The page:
The bug on the window screen was big. Really big, more than an inch long. It looked like it was clad in body armor, because essentially it was. A crescent of spikes ran along the center of its upper back. And a fang as long as its head folded under its mouth like a switchblade. I didn’t know what it was, but I was not getting near it.
It was wise that I didn’t. After taking a few photos and searching online, I identified this bad boy. It was a wheel bug, Arilus cristatus, a member of the assassin bug family. It’s don’t-touch-me vibe isn’t by accident. This insect is notorious for using its fang to inflict a painful bite on anyone or anything that handles or disturbs it.
But this story isn’t actually about the wheel bug. It’s about how I found out it was a wheel bug.
Way back in pre-internet days, a gardener’s bookshelf groaned under the weight of ID guides: trees, weeds, birds, animals, and of course, insects. There were pocket guides and huge encyclopedia-like books. Determining which bug you were looking for meant flipping through lots of pages. And before digital cameras, taking a photo wasn’t immediately helpful, since you had to wait for the film to be developed.
Now it’s easy. I googled “how to ID a bug,” and the site insectidentification.org came up. Nicknamed BugFinder, it’s a cinch to use. Silhouettes of insect shapes help narrow categories. Then I chose the insect’s primary and secondary colors, and my state, and it brought up the possibilities.
But BugFinder isn’t the only ID site by a long shot. There are websites, apps, image galleries, Facebooks pages, Twitter accounts (one is @BugQuestions), even a reddit page (r/whatsthisbug).
Another easy way to ID bugs is to use an app on your phone, such as iNaturalist or Insect Identification. Simply take a photo and upload it to the app, which will check its database and provide the closest match(es). You can also reverse image a photo.
Ask an Entomologist (Askentomologists.com) answers questions about insects. BugGuide.net goes deep in the weeds on insect sightings, and allows people to post photos.
Here’s what to do when trying to identify a bug:
First things first: take a photo if you can. Take a few from different angles, if possible, and zoom in. A video, especially if the bug is moving, can be helpful, too.
When trying to determine what kind of insect you are looking at, pay attention to:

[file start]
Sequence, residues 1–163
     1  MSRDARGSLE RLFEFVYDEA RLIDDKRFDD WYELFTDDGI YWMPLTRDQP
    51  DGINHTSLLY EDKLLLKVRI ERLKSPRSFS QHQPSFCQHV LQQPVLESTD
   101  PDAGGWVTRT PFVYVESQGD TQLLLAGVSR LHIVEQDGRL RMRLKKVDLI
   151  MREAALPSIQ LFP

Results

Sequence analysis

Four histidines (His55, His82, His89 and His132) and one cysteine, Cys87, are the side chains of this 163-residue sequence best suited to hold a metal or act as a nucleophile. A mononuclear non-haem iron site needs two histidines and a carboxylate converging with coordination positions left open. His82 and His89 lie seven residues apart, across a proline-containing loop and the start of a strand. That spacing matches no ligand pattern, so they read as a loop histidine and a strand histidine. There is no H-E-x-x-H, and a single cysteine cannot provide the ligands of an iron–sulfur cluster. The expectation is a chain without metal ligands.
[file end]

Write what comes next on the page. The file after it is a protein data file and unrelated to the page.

The shape – Long and narrow, broad, bulky, in segments or entire.
The colors – What’s the insect’s primary color and where on its body is that? What are the secondary colors and where are they?
Number of legs – Insects have six, spiders, which are technically not insects but arachnids, have eight.
Wings, no wings or can’t tell – Whether a bug has wings or not narrows down the possibilities immediately.
Its mouth – Insects eat in one of two ways: they either bite and chew (think ant) or pierce and suck (think mosquito).
How it’s moving/what it’s doing – Does it crawl, burrow, fly, hover? Does it move fast or slow? Is it eating?
Where you saw it – On or in the ground, in the water, on a plant (what kind of plant?), under a rock or log, on an object.
When you saw it – Daytime, nighttime, dusk, dawn.
When in doubt, don’t touch an insect. While the majority are harmless, some – like my wheel bug – can bite or sting. And it’s easy to accidently injure an insect when handling it. Take a photo instead.
Learning how to identify insects is a valuable tool for any gardener. Knowing what’s visiting our plants helps to determine whether it’s friend or foe, eating or pollinating, looking for a mate, or just hanging out. It lets us decide whether to encourage or discourage an insect. It helps avoid being bitten or stung. And if all those reasons aren’t enough, learning about insects and their habits is just plain fascinating.
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